Most of the pension industry would agree that pension simplification was a good thing. The idea of removing all the various regimes that had gone before in one fell swoop and replacing them with one easier to understand set of rules was a great concept.
The downside for some was the introduction of the lifetime allowance, but with a starting rate of £1.5m, legislated increases to £1.8m, and protection for those already over the limit at introduction, it wasn’t too much of a trade-off for simplicity.
Over time the landscape has changed, with the allowance being cut and other complications arising (money purchase and tapered annual allowance to name two).
It does feel like we have been regressing at each step since the first tinkering with annual allowances in 2009 (remember the special annual allowance?)
The various protections that were put in place when the lifetime allowance was introduced, and at every cut since, are well documented. What are less often discussed are the circumstances in which an individual’s lifetime allowance can be enhanced outside of changes to the standard allowance.
These enhancements can arise at any time post A-day (6 April 2006).
Generally these relate to pension rights benefits that have not had the benefit of receiving tax relief in the UK or that have already been tested against the lifetime allowance. The circumstances when these enhancements can be granted are detailed below.
Pension credit enhancement factor
Where an individual receives a pension credit following a pension sharing order on divorce, and that credit relates to crystallised pension rights that came into payment on or after 6 April 2006, the recipient will be entitled to a pension credit enhancement factor. This is because these pension rights will have already been tested against the lifetime allowance in the hands of their ex-spouse, but are treated as uncrystallised in the hands of the recipient so will be tested again.
Recognised overseas scheme transfer factor
Where a transfer is made from a recognised overseas pension scheme into a UK registered pension scheme an enhancement factor can be claimed as the rights will not generally have benefitted from tax relief in the UK. If any funds in the overseas scheme have received UK tax relief at any point, these are deducted from the transfer amount for the purposes of calculating the enhancement factor.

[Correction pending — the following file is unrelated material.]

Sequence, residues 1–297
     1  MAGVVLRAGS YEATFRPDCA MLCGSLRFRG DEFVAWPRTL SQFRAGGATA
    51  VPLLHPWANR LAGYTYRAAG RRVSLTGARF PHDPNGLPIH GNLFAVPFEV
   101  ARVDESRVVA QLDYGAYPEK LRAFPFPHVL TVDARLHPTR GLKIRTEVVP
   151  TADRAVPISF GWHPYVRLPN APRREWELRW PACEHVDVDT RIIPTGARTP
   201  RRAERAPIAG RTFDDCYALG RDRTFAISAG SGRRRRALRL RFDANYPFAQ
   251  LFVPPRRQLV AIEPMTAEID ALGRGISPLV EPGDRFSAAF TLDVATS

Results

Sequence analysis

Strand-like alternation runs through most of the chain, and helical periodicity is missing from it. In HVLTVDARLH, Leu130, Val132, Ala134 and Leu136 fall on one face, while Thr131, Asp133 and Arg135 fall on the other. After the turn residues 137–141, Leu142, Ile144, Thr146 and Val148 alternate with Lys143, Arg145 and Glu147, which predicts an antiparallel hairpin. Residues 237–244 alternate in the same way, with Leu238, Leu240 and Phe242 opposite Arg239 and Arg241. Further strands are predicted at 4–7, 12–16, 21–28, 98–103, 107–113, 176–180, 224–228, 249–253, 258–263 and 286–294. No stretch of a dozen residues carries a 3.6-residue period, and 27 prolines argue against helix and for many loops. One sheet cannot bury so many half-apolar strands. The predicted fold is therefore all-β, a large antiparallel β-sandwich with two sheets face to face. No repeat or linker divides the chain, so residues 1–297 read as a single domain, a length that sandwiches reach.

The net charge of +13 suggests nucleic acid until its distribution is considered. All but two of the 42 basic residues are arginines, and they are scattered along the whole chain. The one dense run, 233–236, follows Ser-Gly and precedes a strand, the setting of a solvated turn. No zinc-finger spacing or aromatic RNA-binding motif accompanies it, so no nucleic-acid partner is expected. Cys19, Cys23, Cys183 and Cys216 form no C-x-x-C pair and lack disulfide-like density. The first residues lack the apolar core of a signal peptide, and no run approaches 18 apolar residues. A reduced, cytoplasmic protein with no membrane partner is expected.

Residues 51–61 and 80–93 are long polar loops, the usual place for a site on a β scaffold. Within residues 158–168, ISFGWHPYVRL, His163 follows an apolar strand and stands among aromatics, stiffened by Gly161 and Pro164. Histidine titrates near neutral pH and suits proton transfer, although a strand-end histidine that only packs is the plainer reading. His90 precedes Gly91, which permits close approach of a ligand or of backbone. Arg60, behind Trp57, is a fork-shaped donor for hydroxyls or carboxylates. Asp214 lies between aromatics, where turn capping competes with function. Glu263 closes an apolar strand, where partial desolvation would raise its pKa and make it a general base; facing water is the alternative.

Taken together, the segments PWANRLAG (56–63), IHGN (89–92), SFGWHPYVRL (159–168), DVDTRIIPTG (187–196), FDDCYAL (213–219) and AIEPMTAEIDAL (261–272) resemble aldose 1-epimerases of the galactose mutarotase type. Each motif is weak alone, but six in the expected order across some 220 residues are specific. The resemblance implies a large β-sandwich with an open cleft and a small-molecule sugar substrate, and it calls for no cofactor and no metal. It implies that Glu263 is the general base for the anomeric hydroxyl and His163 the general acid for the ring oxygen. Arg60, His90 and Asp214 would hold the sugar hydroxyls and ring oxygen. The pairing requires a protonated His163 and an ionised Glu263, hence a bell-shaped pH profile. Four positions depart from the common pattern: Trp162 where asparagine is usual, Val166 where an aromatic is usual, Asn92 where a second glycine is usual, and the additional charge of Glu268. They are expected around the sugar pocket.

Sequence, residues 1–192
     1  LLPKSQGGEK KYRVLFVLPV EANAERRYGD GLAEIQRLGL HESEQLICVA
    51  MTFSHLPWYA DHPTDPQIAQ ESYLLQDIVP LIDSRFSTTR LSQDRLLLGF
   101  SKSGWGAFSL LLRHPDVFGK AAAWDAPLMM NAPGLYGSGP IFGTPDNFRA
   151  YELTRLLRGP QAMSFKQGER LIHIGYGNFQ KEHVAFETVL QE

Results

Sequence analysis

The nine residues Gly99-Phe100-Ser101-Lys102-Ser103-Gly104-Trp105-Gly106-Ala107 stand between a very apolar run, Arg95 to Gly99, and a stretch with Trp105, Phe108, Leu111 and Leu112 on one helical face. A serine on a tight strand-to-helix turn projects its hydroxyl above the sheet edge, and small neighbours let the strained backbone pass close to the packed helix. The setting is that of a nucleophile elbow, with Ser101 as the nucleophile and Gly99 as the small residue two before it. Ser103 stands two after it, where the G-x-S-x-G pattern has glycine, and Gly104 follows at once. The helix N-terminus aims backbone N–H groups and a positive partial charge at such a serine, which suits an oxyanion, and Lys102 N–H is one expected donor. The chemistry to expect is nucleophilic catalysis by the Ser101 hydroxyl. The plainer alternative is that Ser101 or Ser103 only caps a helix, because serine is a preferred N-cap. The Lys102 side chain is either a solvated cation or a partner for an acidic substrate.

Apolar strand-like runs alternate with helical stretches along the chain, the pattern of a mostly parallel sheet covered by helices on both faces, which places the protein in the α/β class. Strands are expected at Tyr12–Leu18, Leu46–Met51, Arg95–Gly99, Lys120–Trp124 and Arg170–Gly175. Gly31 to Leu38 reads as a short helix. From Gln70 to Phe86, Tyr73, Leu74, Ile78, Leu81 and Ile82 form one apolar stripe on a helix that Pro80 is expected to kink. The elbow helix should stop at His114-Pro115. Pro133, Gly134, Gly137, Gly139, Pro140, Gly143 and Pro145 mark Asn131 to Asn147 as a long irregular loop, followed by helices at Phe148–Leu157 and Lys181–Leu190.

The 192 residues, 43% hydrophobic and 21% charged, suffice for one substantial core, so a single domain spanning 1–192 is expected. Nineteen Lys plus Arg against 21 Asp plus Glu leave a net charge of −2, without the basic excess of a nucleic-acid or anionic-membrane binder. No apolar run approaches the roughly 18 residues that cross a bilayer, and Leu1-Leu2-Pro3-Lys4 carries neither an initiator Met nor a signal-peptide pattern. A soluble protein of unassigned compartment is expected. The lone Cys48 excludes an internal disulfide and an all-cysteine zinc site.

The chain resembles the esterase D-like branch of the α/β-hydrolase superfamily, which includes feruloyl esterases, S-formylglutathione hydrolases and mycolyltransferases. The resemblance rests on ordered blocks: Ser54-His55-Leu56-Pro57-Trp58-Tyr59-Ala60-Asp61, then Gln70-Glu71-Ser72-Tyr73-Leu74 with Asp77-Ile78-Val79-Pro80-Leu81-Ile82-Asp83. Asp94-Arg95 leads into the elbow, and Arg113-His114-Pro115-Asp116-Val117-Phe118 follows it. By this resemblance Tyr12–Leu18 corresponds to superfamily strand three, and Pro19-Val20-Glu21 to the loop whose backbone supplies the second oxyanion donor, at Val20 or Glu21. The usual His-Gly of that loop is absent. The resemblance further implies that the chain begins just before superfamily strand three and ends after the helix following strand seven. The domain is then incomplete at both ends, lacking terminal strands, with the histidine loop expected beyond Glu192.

If an individual accrues rights in a UK registered pension scheme during a period when they are a relevant overseas individual, and therefore do not receive tax relief in relation to these rights, then they will qualify for the non-residence factor in relation to rights built up in the relevant tax years.
To calculate the lifetime allowance factor the relevant amount is divided by the lifetime allowance at the time the rights were acquired. For pension credit enhancement factors this will be the tax year the pension sharing order was implemented and funds transferred into the member’s name. For the recognised overseas scheme transfer factor it will be the year the transfer comes into the UK scheme, and for the non-residence factor it will be the earliest of:
- immediately before their first benefit crystallisation event
- the date they ceased to be a relevant overseas individual, and
- the date when benefits ceased to accrue.
When someone qualifies for an enhancement factor they have 5 years following 31 Jan in the tax year following the relevant tax year to apply. So if someone received a QROPS transfer or relevant pension credit during the 2020/21 tax year they would have until 31 Jan 2027 to apply. For the non-residence factor in particular, care is needed as the clock might start ticking early than expected as outlined above. Ideally the enhancement factor is claimed before benefits are crystallised, but it can come later in which case the lifetime allowance usage at any preceding benefit crystallisation events would have to be re-calculated.
It is also possible for someone to have multiple enhancement factors, and/or to hold other forms of protection in conjunction with an enhancement factor.
If multiple enhancement factors are held, or one or more are held in addition to primary protection, then the factors are simply added together and applied to the relevant lifetime allowance (in most circumstances this will be the lifetime allowance when benefits are crystallised). When primary protection is held the factor is applied to the underpinned lifetime allowance of £1.8m.
Where any of the fixed or individual protections are held the enhancement factor is applied to the individual’s personal lifetime allowance. It is not possible to have an enhancement factor with enhanced protection as benefits are already fully covered and no lifetime allowance charge can arise – you can’t enhance enhanced!
The circumstances that lead to lifetime allowance enhancements are not every day, but they can be very important to those that qualify – another complication of the current pensions system of which advisers should be aware.
Lisa Webster is senior technical consultant at AJ Bell